Earlier this week, Terry Francona released a new book about his years as manager of the Boston Red Sox. Francona: The Red Sox Years, details every aspect of his days as manager of one of the most storied franchises in all of sports. From the glory days of winning two World Series Championships, to the historic playoff collapse that led to his resignation, Francona details every part of his eight years in Boston.
Francona discusses the Red Sox front office change in approach to winning. He says that the men in suits wanted the team to start playing “more sexy,” so TV ratings would improve and more merchandise could be sold. The ownership lost sight of putting a winning team on the field and became more obsessed with the numbers that didn’t matter.
In sports, winning is everything. If you don’t win, you don’t succeed. Winning makes everything else better. If you want to sell more tickets, more fans to wear your apparel, and want people to know the name, the answer is simple: win. Players, coaches, and front-office executives can point the finger at anything they want, but the only thing that makes life better is winning.
As kids, we’re taught to remember that there are more important values that come out of sports. Sportsmanship, character, attitude, positive outlooks, these values should all supersede the idea that is winning. But when you get paid millions of dollars to do something, and people pay hundreds of dollars to watch you excel at it, winning better be the only thing on your mind.
Win the 2012 football season began, everyone had their eyes on the team from the Big Apple, the New York Jets. The Jets had built their roster around players with big personalities, good looks, and a lot of talent, thinking their team’s bad boy stereotype and excessive team coverage would lead them to a Super Bowl. To make things even more dramatic, the Jets traded for the greatest mediocre football player of all time, Tim Tebow. With all the characters and personalities, the Jets were banking on this team excelling under the bright lights and hoping the vibrant personalities would mesh well together. Not only did the Jets not make the playoffs, they compiled a 6-10 record and completely fell apart. To make things even worse, they became the laughing stalk of the league with the infamous “Butt Fumble.”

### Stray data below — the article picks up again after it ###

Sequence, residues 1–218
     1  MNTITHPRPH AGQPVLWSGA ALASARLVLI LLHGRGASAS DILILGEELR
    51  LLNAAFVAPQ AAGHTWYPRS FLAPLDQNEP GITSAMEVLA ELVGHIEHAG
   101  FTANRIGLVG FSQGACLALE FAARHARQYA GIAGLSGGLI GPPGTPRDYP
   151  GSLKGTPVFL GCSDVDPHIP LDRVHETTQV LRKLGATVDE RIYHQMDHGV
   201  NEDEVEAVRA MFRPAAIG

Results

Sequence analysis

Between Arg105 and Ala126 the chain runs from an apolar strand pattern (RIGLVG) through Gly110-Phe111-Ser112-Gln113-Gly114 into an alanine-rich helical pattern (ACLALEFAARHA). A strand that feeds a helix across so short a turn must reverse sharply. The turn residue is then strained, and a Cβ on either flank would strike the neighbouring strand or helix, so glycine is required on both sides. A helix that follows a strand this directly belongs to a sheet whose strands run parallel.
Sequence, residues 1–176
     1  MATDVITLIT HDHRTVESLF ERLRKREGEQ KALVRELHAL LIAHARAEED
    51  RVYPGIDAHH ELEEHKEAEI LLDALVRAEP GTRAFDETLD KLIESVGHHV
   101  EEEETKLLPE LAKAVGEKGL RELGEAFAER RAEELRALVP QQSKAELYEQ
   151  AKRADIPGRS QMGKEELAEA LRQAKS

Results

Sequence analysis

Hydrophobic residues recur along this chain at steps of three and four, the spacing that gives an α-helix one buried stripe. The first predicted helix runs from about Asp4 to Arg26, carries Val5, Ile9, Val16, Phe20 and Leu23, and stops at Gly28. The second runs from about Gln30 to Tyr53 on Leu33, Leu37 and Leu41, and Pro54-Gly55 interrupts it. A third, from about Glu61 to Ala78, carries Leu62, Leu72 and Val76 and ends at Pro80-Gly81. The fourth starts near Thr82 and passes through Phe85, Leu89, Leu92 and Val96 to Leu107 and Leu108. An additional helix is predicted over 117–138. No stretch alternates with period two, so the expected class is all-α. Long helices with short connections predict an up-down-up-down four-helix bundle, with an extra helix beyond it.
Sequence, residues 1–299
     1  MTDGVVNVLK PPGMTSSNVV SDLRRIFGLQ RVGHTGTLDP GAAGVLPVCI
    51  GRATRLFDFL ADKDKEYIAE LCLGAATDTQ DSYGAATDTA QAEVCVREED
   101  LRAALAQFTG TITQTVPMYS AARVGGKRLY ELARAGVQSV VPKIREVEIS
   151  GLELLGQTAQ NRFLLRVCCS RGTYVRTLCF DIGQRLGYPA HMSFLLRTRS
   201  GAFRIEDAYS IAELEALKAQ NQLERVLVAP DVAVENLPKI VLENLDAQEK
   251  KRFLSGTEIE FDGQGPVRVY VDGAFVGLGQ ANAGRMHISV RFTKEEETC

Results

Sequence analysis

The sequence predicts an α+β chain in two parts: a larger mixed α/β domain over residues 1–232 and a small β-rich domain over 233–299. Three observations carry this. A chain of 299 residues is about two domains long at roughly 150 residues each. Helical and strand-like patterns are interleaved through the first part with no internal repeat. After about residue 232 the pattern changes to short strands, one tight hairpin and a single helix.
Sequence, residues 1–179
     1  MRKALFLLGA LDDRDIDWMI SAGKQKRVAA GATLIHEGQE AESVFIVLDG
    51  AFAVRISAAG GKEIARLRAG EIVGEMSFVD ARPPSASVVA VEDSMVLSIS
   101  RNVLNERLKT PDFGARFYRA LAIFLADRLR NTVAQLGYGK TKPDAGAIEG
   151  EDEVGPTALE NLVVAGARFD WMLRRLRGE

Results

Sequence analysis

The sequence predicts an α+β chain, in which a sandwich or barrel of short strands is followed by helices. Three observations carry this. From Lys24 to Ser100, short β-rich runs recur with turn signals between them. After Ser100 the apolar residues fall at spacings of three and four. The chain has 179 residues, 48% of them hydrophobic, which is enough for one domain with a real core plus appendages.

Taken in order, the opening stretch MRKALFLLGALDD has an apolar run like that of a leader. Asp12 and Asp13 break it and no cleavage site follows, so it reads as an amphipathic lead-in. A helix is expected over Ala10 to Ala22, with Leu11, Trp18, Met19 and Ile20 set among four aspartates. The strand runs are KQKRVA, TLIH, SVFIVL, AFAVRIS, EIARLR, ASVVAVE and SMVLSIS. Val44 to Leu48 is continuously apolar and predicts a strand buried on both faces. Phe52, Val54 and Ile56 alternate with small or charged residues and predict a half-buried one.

It seems more than ever these days teams are getting caught up with trying to win by playing sexy. Having stars with big personalities and coaches who love the media attention seems great when things are going well, but at the core of sports, there is nothing sexy about winning. Winning isn’t supposed to be easy. You’re not supposed to be able to just show up and act like your opponent is worthless to you. The true legends in sports always made it look easy, but never acted like it was easy.
One team I always love to point to is the San Antonio Spurs. You never hear anything about them, but they always beat your favorite team. They win because they don’t spend time worrying about the little things. They care about one thing: winning. Gregg Popovich is one of the best coaches in the NBA, yet it seems like hardly anyone has ever heard his name. Can the same be said about Rex Ryan? The Spurs are the consummate example of how to win. There is nothing sexy about this team, but they always make it look easy, and most of the time, they win.
With things like Twitter, Facebook, and the evolving world of social media, getting caught up in the sexiness of a player or team seems to have become a glorified aspect of sports. Fans care more about the image of a player or team than the production they put on the field. Playing sexy can make a team look or feel better, but it will never replace the ultimate goal of professional sports, that is winning.
Who doesn’t love being sexy? Anything that’s not sexy is boring, unappealing, and in the world of sports, doesn’t sell. Trying to sell an image of a player who lacks the representation of being sexy may hurt the franchise in some respects, but the measure of a player’s greatness shouldn’t be bound by his ability or inability to put people in the seats. If Tim Tebow is on a team simply to put more fans in the seats, not only is the team sacrificing their chances of being successful, but also they’re hurting their own image by saying it’s okay to sacrifice winning for more exposure. I have a problem with this, and hopefully you do too.